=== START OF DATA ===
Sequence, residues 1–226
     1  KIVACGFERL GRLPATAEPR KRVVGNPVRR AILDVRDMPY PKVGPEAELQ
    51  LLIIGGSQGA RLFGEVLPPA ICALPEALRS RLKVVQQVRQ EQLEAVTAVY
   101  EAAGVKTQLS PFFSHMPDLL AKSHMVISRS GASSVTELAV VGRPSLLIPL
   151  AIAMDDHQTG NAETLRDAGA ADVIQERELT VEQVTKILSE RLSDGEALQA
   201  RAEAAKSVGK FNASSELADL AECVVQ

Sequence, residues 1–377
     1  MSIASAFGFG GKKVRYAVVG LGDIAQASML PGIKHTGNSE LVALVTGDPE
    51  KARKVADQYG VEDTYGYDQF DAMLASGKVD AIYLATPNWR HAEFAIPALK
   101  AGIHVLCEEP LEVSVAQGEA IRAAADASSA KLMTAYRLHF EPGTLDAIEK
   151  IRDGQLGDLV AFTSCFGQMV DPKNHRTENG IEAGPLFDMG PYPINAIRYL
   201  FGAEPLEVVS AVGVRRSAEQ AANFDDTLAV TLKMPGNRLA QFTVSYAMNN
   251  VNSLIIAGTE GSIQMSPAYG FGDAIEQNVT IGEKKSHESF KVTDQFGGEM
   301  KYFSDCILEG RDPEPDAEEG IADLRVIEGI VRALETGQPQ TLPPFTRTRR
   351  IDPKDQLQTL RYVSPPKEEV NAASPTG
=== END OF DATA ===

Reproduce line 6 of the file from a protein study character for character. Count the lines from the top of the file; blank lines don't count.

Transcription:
   201  RAEAAKSVGK FNASSELADL AECVVQ